Glimpses of Israel - The Negev, A Howling Wilderness

by Joseph H Hunting

Moses wrote, "The Lord's portion is his people, Jacob is the lot of his inheritance. He found him in a desert land, and in the waste howling wilderness; he led him about, he instructed him, he kept him as the apple of his eye" (Deuteronomy 32:9-10). That was how he described the desert, and he spent about two thirds of his life there journeying from place to place, either in Sinai or the Negev wilderness.

The logistics of that period has no parallel in human history. The children of Israel, together with the mixed multitude that came with them out of Egypt, would have numbered at least two million. They had herds of cattle and flocks of sheep and goats. Whilst their daily food was provided by God in the form of manna, the daily supply of millions of gallons of water was a continual necessity and its lack in the arid Negev caused great distress. It was not until all who were over the age of twenty at the time they left Egypt had died in the wilderness (except Caleb and Joshua) including both Moses and Aaron that their wilderness wanderings ceased.

The Negev hadn't changed much over the centuries and there is still evidence of the activities in the southern part of the Negev by Egyptians who mined copper before Solomon. The ruins of a nearby temple to the Egyptian goddess Hathor is evidence of their presence.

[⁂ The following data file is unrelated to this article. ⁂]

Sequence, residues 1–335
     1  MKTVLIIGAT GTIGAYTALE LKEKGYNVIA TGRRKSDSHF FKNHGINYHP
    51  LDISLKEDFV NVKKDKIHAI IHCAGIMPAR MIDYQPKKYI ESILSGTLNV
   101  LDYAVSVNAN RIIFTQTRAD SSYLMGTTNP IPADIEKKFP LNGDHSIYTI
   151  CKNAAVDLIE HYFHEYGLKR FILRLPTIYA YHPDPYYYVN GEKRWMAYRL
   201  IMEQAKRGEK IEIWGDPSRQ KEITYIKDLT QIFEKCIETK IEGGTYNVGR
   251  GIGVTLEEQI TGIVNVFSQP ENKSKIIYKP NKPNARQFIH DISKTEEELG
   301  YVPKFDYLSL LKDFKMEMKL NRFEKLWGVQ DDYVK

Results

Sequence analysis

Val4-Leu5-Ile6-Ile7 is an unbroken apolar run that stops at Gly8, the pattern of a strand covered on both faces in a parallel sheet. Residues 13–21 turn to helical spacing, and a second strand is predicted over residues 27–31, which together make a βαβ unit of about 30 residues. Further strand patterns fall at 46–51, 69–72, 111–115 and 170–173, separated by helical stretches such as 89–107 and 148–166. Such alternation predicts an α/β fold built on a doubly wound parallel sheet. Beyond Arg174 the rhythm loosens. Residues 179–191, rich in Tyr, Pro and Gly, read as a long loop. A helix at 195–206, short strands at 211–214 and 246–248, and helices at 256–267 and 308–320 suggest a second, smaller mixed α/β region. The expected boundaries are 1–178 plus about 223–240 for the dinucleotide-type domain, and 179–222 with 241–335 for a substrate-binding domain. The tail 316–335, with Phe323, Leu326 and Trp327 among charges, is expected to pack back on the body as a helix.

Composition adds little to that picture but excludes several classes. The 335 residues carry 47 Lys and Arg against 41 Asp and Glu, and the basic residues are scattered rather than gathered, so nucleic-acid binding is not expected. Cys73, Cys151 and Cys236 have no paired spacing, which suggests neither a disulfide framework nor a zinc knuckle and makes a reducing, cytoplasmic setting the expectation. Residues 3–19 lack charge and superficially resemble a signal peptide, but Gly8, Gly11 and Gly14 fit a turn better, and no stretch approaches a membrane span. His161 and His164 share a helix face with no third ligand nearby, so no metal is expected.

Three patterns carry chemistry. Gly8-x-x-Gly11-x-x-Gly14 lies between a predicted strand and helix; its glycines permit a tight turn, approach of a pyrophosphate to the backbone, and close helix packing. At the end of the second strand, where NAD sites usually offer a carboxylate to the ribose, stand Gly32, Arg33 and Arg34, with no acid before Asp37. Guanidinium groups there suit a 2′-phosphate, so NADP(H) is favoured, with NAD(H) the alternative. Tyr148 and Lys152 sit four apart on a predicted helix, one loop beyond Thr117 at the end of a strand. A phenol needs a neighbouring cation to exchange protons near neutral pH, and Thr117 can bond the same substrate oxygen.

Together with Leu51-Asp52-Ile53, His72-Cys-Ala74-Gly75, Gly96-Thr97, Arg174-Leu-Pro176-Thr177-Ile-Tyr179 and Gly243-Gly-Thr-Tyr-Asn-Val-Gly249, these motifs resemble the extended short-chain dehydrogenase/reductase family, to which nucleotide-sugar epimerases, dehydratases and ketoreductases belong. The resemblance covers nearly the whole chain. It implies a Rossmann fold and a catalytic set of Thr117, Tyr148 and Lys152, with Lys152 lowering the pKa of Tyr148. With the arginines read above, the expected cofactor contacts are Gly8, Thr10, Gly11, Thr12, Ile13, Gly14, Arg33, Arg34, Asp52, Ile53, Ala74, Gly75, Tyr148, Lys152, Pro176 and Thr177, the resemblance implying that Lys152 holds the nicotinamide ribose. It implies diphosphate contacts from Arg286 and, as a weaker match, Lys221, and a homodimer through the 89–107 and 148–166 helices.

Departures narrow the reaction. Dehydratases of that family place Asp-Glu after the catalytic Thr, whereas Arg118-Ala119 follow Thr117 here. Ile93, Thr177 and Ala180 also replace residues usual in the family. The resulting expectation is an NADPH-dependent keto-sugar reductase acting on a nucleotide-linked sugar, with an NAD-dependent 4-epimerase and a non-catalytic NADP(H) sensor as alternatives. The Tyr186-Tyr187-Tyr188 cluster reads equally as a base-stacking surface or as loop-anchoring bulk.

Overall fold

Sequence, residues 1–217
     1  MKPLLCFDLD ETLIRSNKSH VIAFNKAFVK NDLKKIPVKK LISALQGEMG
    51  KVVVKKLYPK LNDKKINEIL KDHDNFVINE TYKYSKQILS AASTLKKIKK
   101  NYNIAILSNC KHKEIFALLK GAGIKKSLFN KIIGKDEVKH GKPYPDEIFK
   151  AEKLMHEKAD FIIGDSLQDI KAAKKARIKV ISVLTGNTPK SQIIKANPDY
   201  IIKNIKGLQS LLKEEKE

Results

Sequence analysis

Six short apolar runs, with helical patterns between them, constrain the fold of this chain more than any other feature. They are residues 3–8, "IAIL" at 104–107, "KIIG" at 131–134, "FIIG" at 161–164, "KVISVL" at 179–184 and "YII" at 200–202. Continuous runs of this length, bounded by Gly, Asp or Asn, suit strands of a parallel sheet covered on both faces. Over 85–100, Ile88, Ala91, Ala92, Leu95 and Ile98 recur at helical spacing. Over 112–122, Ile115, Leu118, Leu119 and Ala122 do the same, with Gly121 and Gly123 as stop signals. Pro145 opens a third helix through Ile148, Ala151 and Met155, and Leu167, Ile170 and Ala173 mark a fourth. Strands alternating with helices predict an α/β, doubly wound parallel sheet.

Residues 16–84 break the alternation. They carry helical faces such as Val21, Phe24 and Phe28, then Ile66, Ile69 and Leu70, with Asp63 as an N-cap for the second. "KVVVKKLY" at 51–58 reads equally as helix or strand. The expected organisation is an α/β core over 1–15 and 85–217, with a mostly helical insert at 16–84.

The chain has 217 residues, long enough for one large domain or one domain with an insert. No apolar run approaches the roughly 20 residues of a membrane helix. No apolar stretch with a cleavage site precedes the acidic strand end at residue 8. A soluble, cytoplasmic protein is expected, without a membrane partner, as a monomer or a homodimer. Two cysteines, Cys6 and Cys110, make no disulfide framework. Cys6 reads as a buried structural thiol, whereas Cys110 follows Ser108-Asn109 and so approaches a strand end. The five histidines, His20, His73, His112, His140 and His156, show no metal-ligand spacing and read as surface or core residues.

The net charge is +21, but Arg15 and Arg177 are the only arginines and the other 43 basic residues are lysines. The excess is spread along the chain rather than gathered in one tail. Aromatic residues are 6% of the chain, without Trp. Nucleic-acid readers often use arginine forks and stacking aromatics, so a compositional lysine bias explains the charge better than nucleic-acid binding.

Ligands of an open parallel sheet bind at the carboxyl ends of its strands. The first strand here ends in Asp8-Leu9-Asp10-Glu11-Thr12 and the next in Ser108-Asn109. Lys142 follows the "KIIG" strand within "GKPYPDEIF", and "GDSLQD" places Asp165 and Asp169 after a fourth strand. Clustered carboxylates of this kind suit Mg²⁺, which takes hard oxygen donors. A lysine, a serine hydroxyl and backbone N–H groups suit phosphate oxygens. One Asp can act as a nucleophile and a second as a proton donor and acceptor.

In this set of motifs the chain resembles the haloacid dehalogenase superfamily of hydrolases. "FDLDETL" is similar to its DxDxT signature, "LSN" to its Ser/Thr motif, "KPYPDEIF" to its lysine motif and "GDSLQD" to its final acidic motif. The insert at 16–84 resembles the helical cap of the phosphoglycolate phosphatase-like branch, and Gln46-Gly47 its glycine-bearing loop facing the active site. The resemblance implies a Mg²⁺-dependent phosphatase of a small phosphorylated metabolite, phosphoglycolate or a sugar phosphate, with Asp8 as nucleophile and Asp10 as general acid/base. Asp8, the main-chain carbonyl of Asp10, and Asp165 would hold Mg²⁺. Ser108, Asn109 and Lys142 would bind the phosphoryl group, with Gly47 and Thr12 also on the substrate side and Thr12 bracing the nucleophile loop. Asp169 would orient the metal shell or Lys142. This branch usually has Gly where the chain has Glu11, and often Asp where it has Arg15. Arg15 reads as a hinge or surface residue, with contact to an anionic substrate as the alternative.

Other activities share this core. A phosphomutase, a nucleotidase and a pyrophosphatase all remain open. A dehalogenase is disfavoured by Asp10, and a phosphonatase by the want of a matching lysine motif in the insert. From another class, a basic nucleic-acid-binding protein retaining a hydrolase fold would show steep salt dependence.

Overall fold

But since the rebirth of Israel in 1948 dramatic changes have been taking place. Water harvesting pioneered by the Nabateans two thousand years ago has again been developed. Water piped from Galilee has also helped to transform the northern Negev, whilst agricultural development adapted to desert conditions by Israeli scientists is a world leader. Indeed, Israel is the only country where its desert is actually diminishing!

Perhaps the day is not far distant when this "howling wilderness" will fulfil Isaiah's prophecy: "The wilderness and the solitary place shall be glad for them, and the desert shall rejoice and blossom as the rose" (35:1).